Real convergence and the determinants of growth in EU candidate and potential candidate countries - a panel data approach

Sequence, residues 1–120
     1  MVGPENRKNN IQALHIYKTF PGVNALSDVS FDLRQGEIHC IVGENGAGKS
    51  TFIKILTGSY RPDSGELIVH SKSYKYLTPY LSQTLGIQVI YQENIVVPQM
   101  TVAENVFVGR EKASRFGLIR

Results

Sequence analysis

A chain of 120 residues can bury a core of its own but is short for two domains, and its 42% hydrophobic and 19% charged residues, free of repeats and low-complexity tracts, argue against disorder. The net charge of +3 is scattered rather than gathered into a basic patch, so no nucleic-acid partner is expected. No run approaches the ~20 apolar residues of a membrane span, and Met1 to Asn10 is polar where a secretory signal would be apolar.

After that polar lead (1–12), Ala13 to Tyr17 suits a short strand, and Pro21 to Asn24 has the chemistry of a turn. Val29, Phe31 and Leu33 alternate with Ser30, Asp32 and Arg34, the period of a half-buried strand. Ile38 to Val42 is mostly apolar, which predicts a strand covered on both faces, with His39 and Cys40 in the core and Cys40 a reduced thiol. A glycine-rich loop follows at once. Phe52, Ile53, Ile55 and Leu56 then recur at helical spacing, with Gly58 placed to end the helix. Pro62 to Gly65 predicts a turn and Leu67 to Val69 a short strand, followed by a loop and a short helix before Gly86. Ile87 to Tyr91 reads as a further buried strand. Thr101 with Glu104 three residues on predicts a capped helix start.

The EU candidate and potential candidate countries have made considerable progress in economic transition and integration into the world economy within less than two decades. Nevertheless, gaps in terms of income per capita relative to the euro area remain large. This suggests that the challenges of real convergence will remain relevant for the region even in the medium and long term. This paper therefore focuses on real convergence and its determinants in the candidate and potential candidate countries. The analysis reveals that total factor productivity growth has been the main driver of convergence, followed by capital deepening, whereas labour has contributed only marginally to economic growth. There is evidence of conditional convergence in the transition countries of central, eastern and south-eastern Europe. More specifi cally, controlling for the quality of institutions, the extent of market reforms and macroeconomic policies, there is a significant and negative link between the initial level of GDP and subsequent growth. Labour productivity has improved in most countries, while employment and participation rates have been falling. Structural changes have resulted in, at least temporarily, increasing labour market mismatches. Investment rates have been rising rapidly in recent years, and foreign direct investment has been found to have a positive impact on total investment. Investment in human capital is still at a relatively low level compared with the euro area average. Thus, in order to sustain the positive developments observed in the past, further improvements are needed in terms of labour productivity and utilisation, as well as in terms of physical and human capital accumulation. JEL Classification: F15, F43, O16, O43, O47, O52.
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